Wednesday, July 10, 2013

DBH Book Review:At the Mountains of Madness and Other Tales of Terror

By Eric Polk-
I've never believed in a summer reading list. I feel it's an endeavor that shouldn't be relegated to just one season out of the year. Of course, it's almost always summer that brings out the Lovecraft in me. A couple of weeks ago, I finished reading a collection of four of his classic tales.

At The Mountains of Madness: Told in first person, the longest of the four stories involves a geological professor from the infamous Miskatonic University as he regales a warning to a future expedition of explorers to Antarctica about what he and another survivor of their own journey witnessed. In typical Lovecraft fashion, the dynamic duo discover a great creature who originated in the stars. While there are some truly scariest moments in this story, the narrator tends to overly describe alien architecture in the mountains and loves to use the word decadent. Everything was decadent. The layout was decadent. You'd figure being a university professor, he could at least use a thesaurus.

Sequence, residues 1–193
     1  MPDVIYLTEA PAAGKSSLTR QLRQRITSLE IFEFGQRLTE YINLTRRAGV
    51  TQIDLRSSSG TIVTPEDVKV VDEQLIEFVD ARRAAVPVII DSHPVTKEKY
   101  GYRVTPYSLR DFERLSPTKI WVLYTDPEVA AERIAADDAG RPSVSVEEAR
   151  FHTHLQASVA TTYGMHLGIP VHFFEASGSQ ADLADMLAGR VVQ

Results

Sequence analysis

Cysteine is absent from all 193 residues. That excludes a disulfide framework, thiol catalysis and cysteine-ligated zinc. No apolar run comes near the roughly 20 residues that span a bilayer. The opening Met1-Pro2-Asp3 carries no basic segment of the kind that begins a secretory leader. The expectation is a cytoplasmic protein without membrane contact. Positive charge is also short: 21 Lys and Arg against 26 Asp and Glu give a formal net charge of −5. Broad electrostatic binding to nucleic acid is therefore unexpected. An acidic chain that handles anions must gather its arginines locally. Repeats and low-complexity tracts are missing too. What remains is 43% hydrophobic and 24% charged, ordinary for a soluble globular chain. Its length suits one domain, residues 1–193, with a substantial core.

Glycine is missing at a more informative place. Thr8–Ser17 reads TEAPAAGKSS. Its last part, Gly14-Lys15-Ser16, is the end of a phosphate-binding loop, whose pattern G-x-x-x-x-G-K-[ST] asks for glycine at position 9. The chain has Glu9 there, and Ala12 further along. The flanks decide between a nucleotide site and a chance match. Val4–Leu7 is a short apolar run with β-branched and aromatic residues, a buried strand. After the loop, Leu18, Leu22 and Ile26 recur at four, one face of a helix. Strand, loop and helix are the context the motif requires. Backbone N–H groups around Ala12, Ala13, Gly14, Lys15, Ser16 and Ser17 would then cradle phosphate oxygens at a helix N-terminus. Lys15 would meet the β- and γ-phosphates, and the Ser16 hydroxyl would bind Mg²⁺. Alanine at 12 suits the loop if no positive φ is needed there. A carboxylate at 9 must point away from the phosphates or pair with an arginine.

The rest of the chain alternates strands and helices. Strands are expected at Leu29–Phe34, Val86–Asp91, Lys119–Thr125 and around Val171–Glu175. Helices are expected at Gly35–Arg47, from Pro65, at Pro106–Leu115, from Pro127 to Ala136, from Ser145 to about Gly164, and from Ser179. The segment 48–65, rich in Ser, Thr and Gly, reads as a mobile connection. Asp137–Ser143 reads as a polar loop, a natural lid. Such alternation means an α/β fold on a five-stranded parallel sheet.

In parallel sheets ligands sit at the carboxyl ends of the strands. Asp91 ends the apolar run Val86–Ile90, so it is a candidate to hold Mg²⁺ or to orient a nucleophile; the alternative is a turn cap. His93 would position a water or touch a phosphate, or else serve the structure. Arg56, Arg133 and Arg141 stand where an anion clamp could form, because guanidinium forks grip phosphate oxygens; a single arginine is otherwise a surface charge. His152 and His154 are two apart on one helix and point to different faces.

The Shunned House: The title itself is based on an actual house in Providence, Rhode Island. The story itself involves the curiosity of the protagonist and his uncle regarding the old house. Creepy, eerie, it's everything you want in a haunted house story. Of course, it wouldn't be Lovecraft without a monsters which is what we get at the end.

The Statement of Randolph Carter: The book concludes with a short tale told from the first person in which the narrator describes the events that led to the demise of his friend, an occultist. Together, they discover a portal near an old graveyard and the occultist goes down for a look. We never see what the occultist sees(only go by here say) but apparently it's pretty damn scary. Very good, brief, to the point.

1 comment:

Spectra Ghostseeker said...

This is a favorite book of mine. It got me hooked on Lovecraft when I was 14 years old.